As soon as a work is "fixed", that is, written or recorded on some physical medium, its author is automatically entitled to all copyrights in the work, and to any derivative works unless and until the author explicitly disclaims them, or until the copyright expires. The Berne Convention also resulted in foreign authors being treated equivalently to domestic authors, in any country signed onto the Convention. The UK signed the Berne Convention in 1887 but did not implement large parts of it until 100 years later with the passage of the Copyright, Designs and Patents Act of 1988. The United States did not sign the Berne Convention until 1989.
It is interesting to note the date of the Berne convention Copyright, Designs and Patents Act of 1988 and the USA joining it in 1989 both pre-date the 1993 birth of the world wide web.
One can only speculate whether the Berne Convention might have been amended to declare ©Copyright [date] as a mandatory notice on all works that remain within copyright, had the www been born before the Copyright, Designs and Patents Act of 1988 and before the USA signed the Berne Convention.
Had it done so, Creators uploading work to the www would have at least included a copyright notice and Internet users would have better understood what was free to use and what required permission to use.
IMHO, to greatly assist Internet users, an amendment to the Berne Convention Copyright, Designs and Patents Act of 1988 that restores ©Copyright [date] as a mandatory requirement, would greatly assist in resolving the current copyright confusion for Internet users as well as act as the trigger that turns Creator and brand owner apathy into action
It would almost certainly hit the CEO’s desk and lead to a Visual Identification Policy and end disconnect between a company IP policy department and their marketing, PR, design, advertising and social media departments and external consultancies.
It might also force the Facebook style platform owners to amend their content upload policies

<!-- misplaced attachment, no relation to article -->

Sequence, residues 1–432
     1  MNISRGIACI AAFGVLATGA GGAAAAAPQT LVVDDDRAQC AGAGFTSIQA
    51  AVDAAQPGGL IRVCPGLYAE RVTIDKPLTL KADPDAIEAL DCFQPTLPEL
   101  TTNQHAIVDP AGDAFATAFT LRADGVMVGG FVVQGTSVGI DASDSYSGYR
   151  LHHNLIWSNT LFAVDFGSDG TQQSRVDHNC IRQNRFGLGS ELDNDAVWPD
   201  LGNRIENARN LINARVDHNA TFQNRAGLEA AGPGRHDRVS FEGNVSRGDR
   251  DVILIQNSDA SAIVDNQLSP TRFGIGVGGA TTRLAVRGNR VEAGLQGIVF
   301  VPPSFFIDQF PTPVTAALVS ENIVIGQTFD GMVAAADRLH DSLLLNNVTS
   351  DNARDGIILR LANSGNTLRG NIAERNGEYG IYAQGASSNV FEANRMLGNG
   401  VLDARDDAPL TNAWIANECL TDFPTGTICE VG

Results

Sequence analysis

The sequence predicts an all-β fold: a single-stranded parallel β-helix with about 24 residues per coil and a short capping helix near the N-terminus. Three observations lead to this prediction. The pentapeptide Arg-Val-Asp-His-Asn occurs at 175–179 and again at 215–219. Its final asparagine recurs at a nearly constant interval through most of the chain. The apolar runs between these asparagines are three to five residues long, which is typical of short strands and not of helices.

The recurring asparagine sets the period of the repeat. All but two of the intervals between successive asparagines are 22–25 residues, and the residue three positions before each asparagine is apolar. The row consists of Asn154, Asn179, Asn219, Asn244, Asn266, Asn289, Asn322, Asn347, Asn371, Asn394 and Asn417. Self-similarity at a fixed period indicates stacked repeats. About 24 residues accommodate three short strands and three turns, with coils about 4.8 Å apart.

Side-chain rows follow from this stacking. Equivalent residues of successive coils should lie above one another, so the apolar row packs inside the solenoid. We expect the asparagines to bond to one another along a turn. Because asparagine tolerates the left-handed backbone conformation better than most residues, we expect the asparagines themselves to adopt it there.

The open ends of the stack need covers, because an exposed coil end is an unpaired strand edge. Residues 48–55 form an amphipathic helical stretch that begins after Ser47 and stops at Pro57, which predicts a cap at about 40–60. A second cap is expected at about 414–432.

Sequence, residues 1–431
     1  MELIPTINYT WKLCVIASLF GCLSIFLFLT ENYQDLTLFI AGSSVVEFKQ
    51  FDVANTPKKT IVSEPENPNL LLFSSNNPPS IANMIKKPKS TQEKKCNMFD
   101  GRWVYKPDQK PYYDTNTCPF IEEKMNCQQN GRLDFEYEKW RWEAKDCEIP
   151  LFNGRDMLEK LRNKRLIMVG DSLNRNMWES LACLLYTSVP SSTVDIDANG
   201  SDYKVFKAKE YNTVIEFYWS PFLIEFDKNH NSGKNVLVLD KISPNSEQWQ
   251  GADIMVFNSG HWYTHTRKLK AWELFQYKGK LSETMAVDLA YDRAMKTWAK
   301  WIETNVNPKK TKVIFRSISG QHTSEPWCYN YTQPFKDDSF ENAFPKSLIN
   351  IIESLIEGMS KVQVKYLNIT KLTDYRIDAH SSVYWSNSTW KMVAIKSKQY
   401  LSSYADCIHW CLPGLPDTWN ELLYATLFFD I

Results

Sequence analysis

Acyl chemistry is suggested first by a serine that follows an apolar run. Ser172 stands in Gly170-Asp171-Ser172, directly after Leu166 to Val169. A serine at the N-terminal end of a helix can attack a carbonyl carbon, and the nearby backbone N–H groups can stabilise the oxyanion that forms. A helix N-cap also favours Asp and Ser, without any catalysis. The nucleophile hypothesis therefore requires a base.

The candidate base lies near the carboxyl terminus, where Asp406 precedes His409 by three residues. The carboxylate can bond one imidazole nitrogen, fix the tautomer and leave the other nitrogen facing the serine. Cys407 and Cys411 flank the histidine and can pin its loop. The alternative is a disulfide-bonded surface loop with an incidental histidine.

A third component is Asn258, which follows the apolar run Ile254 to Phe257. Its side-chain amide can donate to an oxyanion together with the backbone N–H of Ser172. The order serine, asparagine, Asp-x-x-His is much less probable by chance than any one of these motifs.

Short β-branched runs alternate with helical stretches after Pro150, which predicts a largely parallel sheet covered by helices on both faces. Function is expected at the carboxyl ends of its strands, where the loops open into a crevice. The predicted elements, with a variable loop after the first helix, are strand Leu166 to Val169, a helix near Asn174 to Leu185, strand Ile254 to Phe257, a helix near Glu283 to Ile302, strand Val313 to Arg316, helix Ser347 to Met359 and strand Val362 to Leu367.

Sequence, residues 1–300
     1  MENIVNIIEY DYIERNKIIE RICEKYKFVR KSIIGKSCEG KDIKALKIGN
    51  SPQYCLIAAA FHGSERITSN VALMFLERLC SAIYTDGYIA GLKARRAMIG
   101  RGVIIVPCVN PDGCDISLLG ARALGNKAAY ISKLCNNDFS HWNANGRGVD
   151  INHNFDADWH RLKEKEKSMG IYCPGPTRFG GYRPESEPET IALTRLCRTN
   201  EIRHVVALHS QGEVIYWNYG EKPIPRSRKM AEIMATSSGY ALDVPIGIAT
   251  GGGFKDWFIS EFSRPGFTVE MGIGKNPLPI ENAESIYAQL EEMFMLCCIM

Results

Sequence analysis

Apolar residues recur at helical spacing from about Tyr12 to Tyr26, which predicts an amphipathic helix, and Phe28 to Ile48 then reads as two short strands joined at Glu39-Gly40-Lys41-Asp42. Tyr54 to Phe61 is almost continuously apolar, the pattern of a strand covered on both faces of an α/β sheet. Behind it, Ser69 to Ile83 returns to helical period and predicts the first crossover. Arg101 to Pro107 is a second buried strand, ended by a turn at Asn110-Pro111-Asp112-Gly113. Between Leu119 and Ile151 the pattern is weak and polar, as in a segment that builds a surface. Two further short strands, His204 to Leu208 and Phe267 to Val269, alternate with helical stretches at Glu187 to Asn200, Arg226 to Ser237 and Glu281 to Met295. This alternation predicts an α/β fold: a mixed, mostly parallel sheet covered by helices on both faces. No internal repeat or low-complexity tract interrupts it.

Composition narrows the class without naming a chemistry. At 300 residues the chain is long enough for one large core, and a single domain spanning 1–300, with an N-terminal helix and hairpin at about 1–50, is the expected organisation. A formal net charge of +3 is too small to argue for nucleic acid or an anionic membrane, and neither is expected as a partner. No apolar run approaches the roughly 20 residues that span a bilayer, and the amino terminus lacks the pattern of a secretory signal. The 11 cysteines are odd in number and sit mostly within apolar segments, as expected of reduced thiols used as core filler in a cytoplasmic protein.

3. Monetary benefits
The final behavioural change trigger is monetary. Businesses will change behaviour when something either threatens to reduce or cease their income, greatly increase their costs or opens up opportunity to generate additional income, swiftly and easily.
A new business model for visual content industries
If a platform (with API and mobile App) were built for creative sectors operating in the visual industries that enabled them to quickly and easily earn micro-payments from assets they are currently giving away, then they might take action.
· Any platform or App would need to be fast and easy to use.
· Enable asset owners to use it at low cost without assigning any rights away to the intermediary.
· Involve an automated process of purchase and release of an asset to a licensee.
· And be focused on fast, easy and low cost (micro) transactions where copyright was inherent in the service and not a distraction.
· And just like itunes began its life – set-up account, select track, accept license, buy-it, immediately download and play.
· You want to use an image or other visual asset you have found (with its copyright IP tag displaying usage terms, price and payment button)
· Set-up account, select image size and file format
· Accept simple license terms
· Pay and receive link to download and use immediately
· The IP tag remains in the item as a condition of use under a micro-payment, and thus enables others to follow the same pay and use process.
· The owner of the work is not required to be present nor administer payments or delivery; they just receive payments, less platform transaction fee direct to their account.
A new business model of that type could also work for:
· Orphan Works
· Museum and Library Archives
· Portfolio Agents
· And even for creatively talented individuals and art & design school students seeking to build their profiles, fan base and income
I would be very pleased to receive readers thoughts and feedback to this article firstname.lastname@example.org
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Maxine J Horn